Wednesday the 11th of May 2005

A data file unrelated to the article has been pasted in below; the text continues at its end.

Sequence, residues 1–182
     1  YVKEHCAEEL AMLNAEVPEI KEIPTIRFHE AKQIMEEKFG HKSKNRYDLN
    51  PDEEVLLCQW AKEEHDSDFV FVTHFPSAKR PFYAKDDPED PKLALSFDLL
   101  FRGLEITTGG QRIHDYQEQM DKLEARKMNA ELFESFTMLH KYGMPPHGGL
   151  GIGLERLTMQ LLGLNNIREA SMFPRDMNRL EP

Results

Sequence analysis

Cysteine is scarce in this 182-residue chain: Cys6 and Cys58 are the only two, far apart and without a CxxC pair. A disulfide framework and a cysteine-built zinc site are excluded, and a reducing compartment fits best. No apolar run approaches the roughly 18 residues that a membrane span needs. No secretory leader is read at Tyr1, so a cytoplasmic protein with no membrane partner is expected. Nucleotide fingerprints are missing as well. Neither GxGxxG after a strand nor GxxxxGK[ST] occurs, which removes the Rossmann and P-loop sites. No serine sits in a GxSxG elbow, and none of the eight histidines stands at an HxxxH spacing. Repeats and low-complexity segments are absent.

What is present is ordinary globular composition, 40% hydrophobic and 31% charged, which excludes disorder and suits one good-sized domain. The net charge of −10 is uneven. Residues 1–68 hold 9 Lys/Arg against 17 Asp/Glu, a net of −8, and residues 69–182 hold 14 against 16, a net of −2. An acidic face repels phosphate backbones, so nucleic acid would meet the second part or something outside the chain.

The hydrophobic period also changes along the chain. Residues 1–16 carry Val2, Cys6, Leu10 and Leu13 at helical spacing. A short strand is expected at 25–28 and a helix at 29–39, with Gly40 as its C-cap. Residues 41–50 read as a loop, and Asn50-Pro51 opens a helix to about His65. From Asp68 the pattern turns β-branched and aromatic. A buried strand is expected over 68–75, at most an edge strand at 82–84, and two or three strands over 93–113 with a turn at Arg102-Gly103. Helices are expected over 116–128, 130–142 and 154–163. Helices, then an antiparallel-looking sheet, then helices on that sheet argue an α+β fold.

Peter Røgen (Lyngby) Geometry in Structural Biology Because (macro)molecular shape frequently defines the function of bio-molecules, it seems evident that geometric methods should be an essential component of any attempt to understand and simulate biological systems. Existing techniques developed for much smaller molecular systems, however, rely primarily on sequence and, in some cases, structure information and use statistical and/or energy based methods to analyse the relationship between biological structure and function. Although there have been significant advancements in the field, a systematic solution of many of the most important biological problems is still elusive, including ab initio protein structure prediction, the protein folding process, and ligand to protein docking. In the talk I will give an introduction to Structural Biology as seen by a geometer and treat automatic classification of protein structures by use of geometric shape descriptors in more detail. A protein is a long chain molecule with smaller side chains. The large scale shape of a protein is given by its backbone, which may be considered as an open polygonal space curve. I will present a fast way to tell the difference, not just between a tied and an untied shoelace, but between 400 different types of tied shoelaces when allowing deformations of the individual types. Mikael Bengtsson (Kalmar) On the classification of nonnegatively curved metrics on trivial R^2-bundles over S^3 "Nonnegatively curved metrics on S^2 x R^2", Detlef Gromoll and Kristopher Tapp ask what nonnegatively curved metrics on S^n x R^k may look like. They remark that e.g. S^2 x R^2 admits very large families of such metrics when the product is nontrivial, and continues to give the classification of the trivial product, which turns out to be more rigid. A similar classification is underway in the cases S^2 x R^3 (e.g. by Tapp: "Rigidity for nonnegatively curved metrics on S^2 x R^3." and Marenitch: "Rigidity of non-negatively curved metrics on open five-dimensional manifolds") as well as in S^3 x R^2 (Marenitch and Bengtsson: "On non-negatively curved metrics on open five-dimensional manifolds."). In the latter case the classification turns out to be dependent on whether a certain vector field has zeroes or not. Further, the set of zeroes of this vector field - if there are any at all - has a fairly rigid structure in itself. Martin Svensson (Lund) Harmonic morphisms from symmetric spaces Harmonic morphisms are maps between Riemannian manifolds which pull back local harmonic functions on the codomain to local harmonic functions on the domain. Equivalently, they are characterized as solutions to an over-determined non-linear system of partial differential equations. This makes the question of existence very difficult to answer in general, and there are examples where no such maps, not even locally defined, can exist. In my talk I will discuss the progress of finding solutions to the existence problem for harmonic morphisms from Riemannian symmetric spaces. I will describe a construction which produces harmonic morphisms from symmetric spaces of type II, i.e. simple, compact and connected Lie groups. By duality, these maps in turn induce harmonic morphisms from symmetric spaces of type IV, which, in some cases, turn out to be even globally defined. Karsten Grosse-Brauckmann (Darmstadt) Constant mean curvature surfaces: from real world applications to recent results Surface that minimize area under a volume constraint have constant mean curvature. I will mention examples of such surfaces beyond the well known soap bubbles. While for many decades mathematical existence results for complete surfaces with constant mean curvature had been scarce, now, surprisingly, many examples are known. I will describe an existence result for embedded genus 0 surfaces with ends, obtained jointly with R. Kusner (Amherst) and J. Sullivan (Berlin).